It’s always interesting to browse through the results of the Air New Zealand Wine Awards, the most important of New Zealand’s annual wine competitions.
Some things change little – like the swag of gold medals picked up every year by Villa Maria, which has an unparalleled record of competition success. But the awards always turn up a few unexpected results, and often throw light on previously obscure wineries that are destined for bigger things.
This year the big surprise was sprung by Julicher Estate, a small, family-owned winery in the Te Muna Valley near Martinborough whose 2008 pinot noir was named the Champion Wine of the Show. Remarkably, given Martinborough’s status, it was the first time in 20 years that a wine from the South Wairarapa winemaking region had won the supreme prize.
Perhaps even more remarkably, given the fact that Martinborough was the first New Zealand region to produce consistently good pinot noir and still makes many of the country’s best examples, it was the first time a Martinborough pinot noir had won. This is partly explained by the fact that some exalted Martinborough wineries, such as Ata Rangi and Dry River, don’t enter competitions. (The previous Martinborough wine to win the coveted champion’s trophy, in 1989, was a Martinborough Vineyard chardonnay.)
Julicher Estate was founded only 10 years ago by Dutch immigrant Wim Julicher (pronounced You-licker), a retired Hutt Valley builder. Though the Dutch are not noted as a nation of wine drinkers, it’s one of several New Zealand wineries established by immigrants from the Netherlands. Others include Alpha Domus (Hawke’s Bay), Mebus Estate (Wairarapa) and Staedt Landt (Marlborough). Even more intriguingly, Julicher has a Finnish winemaker, Outi Javovirta.
Before the Air New Zealand awards were announced last weekend, Julicher was a label familiar to wine lovers in the Wairarapa, and perhaps Wellington, but probably little known further afield. There had been signs, however, that this was a winery to watch. Julicher’s 2005 riesling scored the maximum five points in a Cuisine tasting three years ago, and the winery's 99 Rows Pinot Noir 2008 – an early-drinking style of pinot, cheaper than the label’s premium, trophy-winning wine – was another Cuisine five-pointer, securing a place in the Top 10 in the magazine’s recent annual pinot tasting.
The irony is that Wim Julicher started out in 1996 intending to grow olives, not grapes. It was only after his olive trees were devastated by frost in 1998 that he decided there might be a more promising future in wine.
As a result of its weekend triumph, Julicher Estate will now enjoy a cachet in the marketplace and status-conscious wine drinkers who hadn’t previously heard of the label will be clamouring to acquire its wine. This demonstrates one of the great virtues of competitions: they alert the market to promising new wineries (well, newish in this case) that might otherwise go unnoticed.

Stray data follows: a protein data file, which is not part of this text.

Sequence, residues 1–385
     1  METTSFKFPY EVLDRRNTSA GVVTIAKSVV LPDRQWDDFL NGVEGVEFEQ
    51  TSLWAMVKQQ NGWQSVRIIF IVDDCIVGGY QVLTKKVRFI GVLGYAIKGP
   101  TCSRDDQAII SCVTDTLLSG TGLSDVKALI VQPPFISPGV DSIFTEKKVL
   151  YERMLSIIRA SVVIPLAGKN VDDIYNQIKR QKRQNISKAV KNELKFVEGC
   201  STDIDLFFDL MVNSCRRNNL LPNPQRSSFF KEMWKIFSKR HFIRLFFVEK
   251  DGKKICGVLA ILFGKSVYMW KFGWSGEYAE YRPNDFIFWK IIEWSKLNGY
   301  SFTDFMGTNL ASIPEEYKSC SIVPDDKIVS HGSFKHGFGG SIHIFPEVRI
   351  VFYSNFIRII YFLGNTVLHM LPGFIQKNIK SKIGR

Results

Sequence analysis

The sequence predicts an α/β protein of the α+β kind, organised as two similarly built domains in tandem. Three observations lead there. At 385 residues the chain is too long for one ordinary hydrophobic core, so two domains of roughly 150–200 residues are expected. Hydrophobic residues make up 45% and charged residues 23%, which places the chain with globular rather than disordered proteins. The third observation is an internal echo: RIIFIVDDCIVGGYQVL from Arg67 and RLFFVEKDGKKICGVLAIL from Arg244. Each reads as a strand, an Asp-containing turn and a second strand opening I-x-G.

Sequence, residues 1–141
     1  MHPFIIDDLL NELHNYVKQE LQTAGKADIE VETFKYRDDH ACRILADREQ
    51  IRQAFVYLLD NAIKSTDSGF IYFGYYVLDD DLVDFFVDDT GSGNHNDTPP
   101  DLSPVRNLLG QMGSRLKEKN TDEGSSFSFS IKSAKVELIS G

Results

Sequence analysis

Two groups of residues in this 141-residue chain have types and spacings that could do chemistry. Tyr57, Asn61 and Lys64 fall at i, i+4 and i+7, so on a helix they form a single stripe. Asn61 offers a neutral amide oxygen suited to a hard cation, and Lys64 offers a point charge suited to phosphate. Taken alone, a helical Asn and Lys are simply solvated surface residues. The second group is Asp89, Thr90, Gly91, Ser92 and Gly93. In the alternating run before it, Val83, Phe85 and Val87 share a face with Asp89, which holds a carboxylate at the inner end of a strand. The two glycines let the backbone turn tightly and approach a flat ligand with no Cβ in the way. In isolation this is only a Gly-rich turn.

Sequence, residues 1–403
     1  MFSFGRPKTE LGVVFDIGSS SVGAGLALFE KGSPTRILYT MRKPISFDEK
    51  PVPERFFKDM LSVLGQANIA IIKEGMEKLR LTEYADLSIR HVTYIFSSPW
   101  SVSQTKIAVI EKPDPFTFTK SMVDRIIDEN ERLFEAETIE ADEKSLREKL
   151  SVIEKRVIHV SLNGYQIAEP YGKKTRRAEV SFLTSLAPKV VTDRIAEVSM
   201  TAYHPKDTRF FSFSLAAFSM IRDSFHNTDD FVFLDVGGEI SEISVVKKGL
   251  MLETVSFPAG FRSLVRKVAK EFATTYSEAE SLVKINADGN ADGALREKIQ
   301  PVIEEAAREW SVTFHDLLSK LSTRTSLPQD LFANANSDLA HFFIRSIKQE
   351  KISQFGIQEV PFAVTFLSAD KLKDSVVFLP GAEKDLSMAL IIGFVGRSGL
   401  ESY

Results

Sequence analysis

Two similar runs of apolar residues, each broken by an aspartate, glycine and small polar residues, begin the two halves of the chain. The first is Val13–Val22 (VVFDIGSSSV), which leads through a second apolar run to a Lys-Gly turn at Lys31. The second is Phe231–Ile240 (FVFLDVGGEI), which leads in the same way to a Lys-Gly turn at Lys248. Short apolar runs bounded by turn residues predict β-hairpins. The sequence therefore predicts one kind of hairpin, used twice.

Julicher isn’t the first obscure winery to have beaten more illustrious names to top honours. In the 2001 Air New Zealand awards, a sweet riesling made by Canterbury House (a label now part of the Mud House group, but rarely heard of these days) was named champion wine of the show. Best-in-class trophies have often gone to outsiders such as Gisborne’s small Amor-Bendall winery, which in 2004 won the hotly contested sauvignon blanc trophy, and Martinborough’s now-defunct Lintz Estate, whose shiraz won the champion “other reds” trophy in 1998 (a prize controversially withdrawn after British judge Oz Clarke realised the wine submitted for judging was different from the one under the same label that was served at the awards dinner.)
These examples show that success in the Air New Zealand awards is no guarantee of a stellar future – but it’s a good start nonetheless, and my guess is that Julicher will be no flash in the pan.
Catalina Sounds, Couper’s Shed and Georgetown are three other little-known names that thrust themselves into the spotlight in the 2009 Air New Zealand awards, winning the trophies for best sauvignon blanc, best pinot gris and “best exhibition red wine” respectively. Marlborough label Catalina Sounds, owned by an Australian wine distributor, produced its first vintage in 2006. Couper’s Shed is an even newer name; it’s a Hawke’s Bay label owned by Pernod Ricard and targeted mainly at the restaurant market. Georgetown is a Cromwell (Central Otago) label about which I know nothing, and which appears to be so new it isn’t even mentioned in the 2009 Winegrowers New Zealand annual report which lists all its members.
Otherwise the trophies went to well-established and mostly familiar names, as can be seen from the following complete list:
Air New Zealand Champion Wine of the Show Trophy
Julicher Pinot Noir 2008
Bell Gully Champion Sustainable Wine Trophy
Olssens Annieburn Riesling 2009
JF Hillebrand New Zealand Ltd Champion Pinot Noir Trophy
Julicher Pinot Noir 2008
Label & Litho Champion Chardonnay Trophy
Villa Maria Reserve Barrique Chardonnay 2007
OI New Zealand Champion Sauvignon Blanc Trophy
Catalina Sounds Marlborough Sauvignon Blanc 2009
BDO Champion Other White Styles & Rosé Trophy
Church Road Reserve Viognier 2007
Fairfax Media Champion Open Red Wine Trophy
Waipara Hills Southern Cross Selection Central Otago Pinot Noir 2008
Fruitfed Supplies Champion Syrah Trophy
Coopers Creek SV Hawkes Bay Syrah Chalk Ridge 2008
LatitudeGT Champion Pinot Gris Trophy
Couper’s Shed Pinot Gris 2009
Newstalk ZB Champion Other Red Styles Trophy
Trinity Hill Gimblett Gravels Tempranillo 2008
New World Champion Open White Wine Trophy
Forrest The Doctors’ Riesling 2009
New Zealand Winegrowers Champion Gewurztraminer Trophy